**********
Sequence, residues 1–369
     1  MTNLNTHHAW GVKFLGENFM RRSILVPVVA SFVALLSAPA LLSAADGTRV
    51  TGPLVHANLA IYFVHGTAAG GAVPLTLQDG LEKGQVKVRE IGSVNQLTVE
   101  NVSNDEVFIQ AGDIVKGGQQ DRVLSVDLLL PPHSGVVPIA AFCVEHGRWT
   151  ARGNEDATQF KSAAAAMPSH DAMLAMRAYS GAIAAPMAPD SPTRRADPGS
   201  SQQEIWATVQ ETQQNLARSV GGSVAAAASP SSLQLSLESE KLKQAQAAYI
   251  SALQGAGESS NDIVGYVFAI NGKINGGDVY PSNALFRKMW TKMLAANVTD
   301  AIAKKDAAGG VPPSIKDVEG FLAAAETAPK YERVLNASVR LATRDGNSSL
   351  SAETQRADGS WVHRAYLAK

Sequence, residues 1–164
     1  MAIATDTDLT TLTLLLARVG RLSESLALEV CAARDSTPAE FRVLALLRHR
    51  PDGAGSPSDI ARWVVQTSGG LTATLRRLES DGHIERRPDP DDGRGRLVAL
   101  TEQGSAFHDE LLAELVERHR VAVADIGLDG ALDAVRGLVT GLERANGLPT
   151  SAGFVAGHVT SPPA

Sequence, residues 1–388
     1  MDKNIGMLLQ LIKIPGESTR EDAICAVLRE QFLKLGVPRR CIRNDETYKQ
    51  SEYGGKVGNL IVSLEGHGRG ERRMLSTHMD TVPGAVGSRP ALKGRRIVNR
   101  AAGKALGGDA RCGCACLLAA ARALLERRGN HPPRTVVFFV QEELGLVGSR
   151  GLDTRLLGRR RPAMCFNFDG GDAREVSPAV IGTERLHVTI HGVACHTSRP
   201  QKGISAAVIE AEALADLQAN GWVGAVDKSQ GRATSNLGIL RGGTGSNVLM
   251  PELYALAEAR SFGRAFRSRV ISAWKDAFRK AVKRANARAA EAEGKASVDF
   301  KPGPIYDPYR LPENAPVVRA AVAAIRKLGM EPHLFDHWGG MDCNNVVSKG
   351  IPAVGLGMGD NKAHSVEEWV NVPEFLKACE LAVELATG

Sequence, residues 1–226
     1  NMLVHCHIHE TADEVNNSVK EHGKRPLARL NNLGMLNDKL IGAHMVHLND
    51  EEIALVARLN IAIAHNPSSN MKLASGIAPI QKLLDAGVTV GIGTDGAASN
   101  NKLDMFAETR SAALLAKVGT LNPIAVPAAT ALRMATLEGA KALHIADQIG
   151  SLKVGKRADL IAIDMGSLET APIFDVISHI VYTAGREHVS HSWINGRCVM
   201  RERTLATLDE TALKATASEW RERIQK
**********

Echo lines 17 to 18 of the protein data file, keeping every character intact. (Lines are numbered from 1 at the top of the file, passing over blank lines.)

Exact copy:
    51  SEYGGKVGNL IVSLEGHGRG ERRMLSTHMD TVPGAVGSRP ALKGRRIVNR
   101  AAGKALGGDA RCGCACLLAA ARALLERRGN HPPRTVVFFV QEELGLVGSR